But did you notice what Jesus is doing in the boat? He’s sleeping soundly as the winds thrash and the water roars. He and his friends are in the middle of a raging storm and, tough as these hard-working blue-collar guys are, they are scared to death—rowing frantically and bailing water as fast as the sea crashes into the boat. They must be wondering if they will ever see land and their families again.

The disciples have to shake Jesus to rouse him: “Teacher, do you not care that we are perishing?” Can you imagine being able to get a good night’s sleep in the middle of a storm at sea? And Jesus wakes up and rebukes the wind, saying, “Peace! Be still!” and all of a sudden the wind ceases, and there is calm—peace in the midst of a storm.

For the ancient Hebrews the sea represented the primeval chaos that could at any moment overwhelm them. It embodied their deepest fears that uncontrollable forces in the world could overwhelm them. It’s hard to know what actually occurred that made the disciples tell this story, but something happened that night, or in the life of the disciples, that made them keep telling about how the wildest winds in the world somehow didn’t overly disturb Jesus, and that as long as they were with him, they knew they could survive anything.

The early church seemed to love this story because they too kept running into storms. Their little Christian communities, tiny minorities in every city, suffered constant persecution. Fear was a part of their daily lives. They were being arrested, tortured, and sometimes crucified, and their lives seemed like pathetically small boats in a terrifying sea.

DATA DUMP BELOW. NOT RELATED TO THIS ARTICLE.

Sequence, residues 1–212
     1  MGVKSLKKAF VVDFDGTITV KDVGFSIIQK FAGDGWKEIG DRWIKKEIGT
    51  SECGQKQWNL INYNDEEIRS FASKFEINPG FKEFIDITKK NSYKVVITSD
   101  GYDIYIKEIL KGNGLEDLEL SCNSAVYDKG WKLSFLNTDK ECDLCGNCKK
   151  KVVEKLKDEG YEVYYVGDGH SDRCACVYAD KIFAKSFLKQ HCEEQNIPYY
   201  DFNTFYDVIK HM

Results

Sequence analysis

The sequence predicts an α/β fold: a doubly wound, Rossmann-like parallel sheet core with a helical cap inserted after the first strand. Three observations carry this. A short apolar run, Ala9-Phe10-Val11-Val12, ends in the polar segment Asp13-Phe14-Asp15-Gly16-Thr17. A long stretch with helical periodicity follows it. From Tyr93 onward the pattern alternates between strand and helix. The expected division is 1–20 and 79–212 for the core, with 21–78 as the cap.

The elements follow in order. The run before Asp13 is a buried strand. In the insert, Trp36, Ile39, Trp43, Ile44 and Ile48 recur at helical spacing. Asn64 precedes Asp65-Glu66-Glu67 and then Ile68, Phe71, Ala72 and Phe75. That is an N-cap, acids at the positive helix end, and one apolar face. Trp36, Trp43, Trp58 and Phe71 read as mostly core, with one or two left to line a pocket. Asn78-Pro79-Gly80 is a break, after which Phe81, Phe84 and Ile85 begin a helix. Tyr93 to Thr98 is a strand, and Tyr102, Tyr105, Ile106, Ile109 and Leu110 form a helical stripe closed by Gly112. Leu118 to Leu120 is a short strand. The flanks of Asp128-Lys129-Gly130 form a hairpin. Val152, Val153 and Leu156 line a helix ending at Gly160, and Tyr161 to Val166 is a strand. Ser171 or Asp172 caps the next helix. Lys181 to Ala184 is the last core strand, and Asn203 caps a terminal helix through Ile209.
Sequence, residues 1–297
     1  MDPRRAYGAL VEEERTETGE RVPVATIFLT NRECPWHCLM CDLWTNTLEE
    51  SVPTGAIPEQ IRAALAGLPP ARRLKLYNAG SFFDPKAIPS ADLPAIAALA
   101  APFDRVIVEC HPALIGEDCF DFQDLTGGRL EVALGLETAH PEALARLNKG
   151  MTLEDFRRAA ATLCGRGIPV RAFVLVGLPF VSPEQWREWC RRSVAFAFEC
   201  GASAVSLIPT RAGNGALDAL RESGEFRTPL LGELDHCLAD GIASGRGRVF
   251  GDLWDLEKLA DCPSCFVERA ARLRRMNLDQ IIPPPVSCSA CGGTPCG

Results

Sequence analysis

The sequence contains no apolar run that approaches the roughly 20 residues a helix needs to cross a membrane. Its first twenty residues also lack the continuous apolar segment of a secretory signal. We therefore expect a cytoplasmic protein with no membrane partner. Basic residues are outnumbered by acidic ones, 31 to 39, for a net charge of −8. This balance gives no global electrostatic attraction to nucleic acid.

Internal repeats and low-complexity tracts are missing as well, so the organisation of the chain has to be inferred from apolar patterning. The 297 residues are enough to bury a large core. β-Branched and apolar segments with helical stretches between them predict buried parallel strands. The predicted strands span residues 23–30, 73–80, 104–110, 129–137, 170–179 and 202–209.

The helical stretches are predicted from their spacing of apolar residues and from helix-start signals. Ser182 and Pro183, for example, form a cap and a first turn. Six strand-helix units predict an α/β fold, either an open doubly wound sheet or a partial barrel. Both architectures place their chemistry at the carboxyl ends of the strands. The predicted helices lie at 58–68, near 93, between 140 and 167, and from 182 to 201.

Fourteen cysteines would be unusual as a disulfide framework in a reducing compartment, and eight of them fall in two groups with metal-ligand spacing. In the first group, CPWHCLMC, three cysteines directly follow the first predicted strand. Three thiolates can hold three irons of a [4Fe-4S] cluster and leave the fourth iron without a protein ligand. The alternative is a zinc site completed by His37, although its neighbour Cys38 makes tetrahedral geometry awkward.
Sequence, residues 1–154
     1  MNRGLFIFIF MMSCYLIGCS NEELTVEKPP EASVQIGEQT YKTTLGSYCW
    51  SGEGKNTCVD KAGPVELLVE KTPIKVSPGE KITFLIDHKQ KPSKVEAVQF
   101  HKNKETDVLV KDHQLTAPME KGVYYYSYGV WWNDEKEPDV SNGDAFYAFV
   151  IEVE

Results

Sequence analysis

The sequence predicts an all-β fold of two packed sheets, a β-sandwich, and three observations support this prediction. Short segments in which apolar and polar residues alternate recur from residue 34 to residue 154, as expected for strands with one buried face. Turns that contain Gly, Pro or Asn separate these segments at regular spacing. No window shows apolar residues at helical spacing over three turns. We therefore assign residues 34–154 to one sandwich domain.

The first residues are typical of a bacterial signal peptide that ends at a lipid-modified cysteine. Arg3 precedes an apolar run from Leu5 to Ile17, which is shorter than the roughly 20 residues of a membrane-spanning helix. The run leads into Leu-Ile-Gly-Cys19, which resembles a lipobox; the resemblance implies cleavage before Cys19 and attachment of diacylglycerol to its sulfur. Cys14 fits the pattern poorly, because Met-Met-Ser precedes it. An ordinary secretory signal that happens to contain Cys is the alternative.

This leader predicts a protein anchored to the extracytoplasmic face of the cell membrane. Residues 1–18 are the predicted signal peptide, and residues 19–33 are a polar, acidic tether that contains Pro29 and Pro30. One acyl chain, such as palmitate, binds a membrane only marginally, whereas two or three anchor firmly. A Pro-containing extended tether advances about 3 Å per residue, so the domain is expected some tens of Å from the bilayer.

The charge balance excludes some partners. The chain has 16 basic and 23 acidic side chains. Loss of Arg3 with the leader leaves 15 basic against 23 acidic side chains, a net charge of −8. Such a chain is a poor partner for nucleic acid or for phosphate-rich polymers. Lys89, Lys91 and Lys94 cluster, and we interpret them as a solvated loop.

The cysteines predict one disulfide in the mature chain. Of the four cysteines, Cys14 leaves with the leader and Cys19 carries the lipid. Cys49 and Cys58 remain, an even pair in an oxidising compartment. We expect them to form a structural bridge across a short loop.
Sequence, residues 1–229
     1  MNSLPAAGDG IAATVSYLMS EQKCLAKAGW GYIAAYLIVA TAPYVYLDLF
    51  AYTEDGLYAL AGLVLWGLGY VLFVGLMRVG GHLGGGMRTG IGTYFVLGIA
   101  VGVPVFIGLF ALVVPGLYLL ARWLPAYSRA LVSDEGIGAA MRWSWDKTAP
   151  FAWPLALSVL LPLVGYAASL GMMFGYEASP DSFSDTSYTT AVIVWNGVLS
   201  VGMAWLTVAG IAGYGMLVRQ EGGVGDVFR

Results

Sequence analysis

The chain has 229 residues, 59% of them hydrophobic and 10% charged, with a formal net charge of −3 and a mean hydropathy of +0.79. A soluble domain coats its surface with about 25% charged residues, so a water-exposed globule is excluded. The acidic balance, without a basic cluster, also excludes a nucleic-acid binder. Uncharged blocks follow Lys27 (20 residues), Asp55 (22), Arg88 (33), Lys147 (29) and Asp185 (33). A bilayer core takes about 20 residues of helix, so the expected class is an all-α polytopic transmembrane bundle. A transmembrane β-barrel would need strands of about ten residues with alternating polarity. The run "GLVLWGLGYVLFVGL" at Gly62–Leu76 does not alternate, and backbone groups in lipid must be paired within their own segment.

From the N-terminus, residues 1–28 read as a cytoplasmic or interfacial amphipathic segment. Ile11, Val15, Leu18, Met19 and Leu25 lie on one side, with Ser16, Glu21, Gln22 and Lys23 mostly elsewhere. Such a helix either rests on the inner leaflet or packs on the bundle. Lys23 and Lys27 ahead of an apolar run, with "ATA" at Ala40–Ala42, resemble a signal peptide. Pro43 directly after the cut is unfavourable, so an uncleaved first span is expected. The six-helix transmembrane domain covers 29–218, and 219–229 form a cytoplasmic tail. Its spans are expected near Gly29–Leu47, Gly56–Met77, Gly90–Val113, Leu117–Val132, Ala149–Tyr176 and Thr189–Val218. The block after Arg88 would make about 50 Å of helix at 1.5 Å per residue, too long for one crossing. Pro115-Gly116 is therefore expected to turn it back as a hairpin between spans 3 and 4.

In fact, one of the earliest symbols of the church was that of a ship heading into a storm. Look up in most churches and the ceiling looks like the inside of boat hull. It’s called the nave, the same word we use for navy. Churches were meant to be boats to take the disciples through the storms. And the only reason they could do that was because Jesus was there, in the boat with them. All they had was Jesus and each other.

The stilling of the storm is a story about the conviction the disciples developed that they could trust Jesus. They could know peace even in any storm. This wasn’t a superstitious belief that somehow following him would save them from the things they were most afraid of. That’s an immature version of faith. It was the trust that even when the worst things possible came their way, Jesus wouldn’t abandon them, he would go with them, and their future, no matter what happened, was safe with him.

One spring day a few years ago novelist Reynolds Price received a letter from a young man, a medical student, who had been diagnosed with an aggressive form of cancer and had been given only a few months to live. He had read a book by Price about the writer’s own struggle with cancer, and so now in desperation the young man was writing Price for help. “I want to believe in a God who cares,” the young man said, “because I may meet him sooner than I had expected. I think I am at the point where I can accept the existence of God…but I can’t yet believe he cares about us.”

And so Price sat down to write a little book called Letter to a Man in the Fire addressed to that man. In it he tells the young man of the presence he found at the heart of the storm:

In the years of my own confrontation with cancer, loss, and chronic pain, … I experienced fairly steadily the sense of being witnessed and accompanied almost always by what seemed to be God or a full-fledged messenger of God ([and]…some of those messengers were human beings of extraordinary foresight and practical help). And with that companionship, I was ultimately led back into a new and transformed life and work…